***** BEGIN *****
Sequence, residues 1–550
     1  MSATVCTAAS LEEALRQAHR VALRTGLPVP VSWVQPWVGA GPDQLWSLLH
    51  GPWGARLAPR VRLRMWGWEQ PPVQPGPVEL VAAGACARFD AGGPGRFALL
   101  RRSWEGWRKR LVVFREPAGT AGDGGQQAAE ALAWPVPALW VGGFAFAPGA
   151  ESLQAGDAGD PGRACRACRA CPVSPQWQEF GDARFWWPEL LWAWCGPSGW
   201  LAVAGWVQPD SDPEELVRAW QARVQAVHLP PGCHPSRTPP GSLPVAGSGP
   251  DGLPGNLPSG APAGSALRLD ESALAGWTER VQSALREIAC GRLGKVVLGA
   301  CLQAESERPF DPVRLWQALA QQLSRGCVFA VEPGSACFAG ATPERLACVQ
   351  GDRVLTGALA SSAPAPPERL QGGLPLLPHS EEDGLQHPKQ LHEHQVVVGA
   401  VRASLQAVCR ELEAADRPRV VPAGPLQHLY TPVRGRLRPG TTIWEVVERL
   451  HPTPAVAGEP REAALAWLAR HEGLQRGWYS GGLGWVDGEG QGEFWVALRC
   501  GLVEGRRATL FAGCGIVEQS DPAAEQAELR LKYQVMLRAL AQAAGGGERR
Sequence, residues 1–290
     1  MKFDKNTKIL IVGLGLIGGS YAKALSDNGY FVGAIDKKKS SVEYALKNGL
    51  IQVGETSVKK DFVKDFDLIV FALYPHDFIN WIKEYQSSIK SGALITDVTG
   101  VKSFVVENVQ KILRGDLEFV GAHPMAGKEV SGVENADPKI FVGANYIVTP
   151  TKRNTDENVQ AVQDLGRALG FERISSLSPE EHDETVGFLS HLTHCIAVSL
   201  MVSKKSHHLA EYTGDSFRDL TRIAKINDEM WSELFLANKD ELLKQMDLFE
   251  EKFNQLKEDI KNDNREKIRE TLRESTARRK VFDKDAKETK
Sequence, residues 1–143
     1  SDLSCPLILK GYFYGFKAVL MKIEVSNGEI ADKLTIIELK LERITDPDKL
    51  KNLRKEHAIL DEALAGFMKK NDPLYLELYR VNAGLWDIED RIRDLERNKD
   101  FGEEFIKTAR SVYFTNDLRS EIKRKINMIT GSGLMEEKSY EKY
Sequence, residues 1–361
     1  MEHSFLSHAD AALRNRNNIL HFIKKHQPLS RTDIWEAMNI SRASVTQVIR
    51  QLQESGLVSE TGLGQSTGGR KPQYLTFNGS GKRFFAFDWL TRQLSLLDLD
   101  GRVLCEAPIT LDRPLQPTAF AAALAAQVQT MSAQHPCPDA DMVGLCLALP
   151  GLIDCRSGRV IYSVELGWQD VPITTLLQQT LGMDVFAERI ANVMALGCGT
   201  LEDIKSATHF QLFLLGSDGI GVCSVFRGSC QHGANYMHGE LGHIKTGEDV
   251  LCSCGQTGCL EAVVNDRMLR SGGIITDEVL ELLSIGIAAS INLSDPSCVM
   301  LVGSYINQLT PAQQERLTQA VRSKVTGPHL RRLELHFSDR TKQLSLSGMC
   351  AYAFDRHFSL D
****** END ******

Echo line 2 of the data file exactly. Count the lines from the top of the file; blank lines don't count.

     1  MSATVCTAAS LEEALRQAHR VALRTGLPVP VSWVQPWVGA GPDQLWSLLH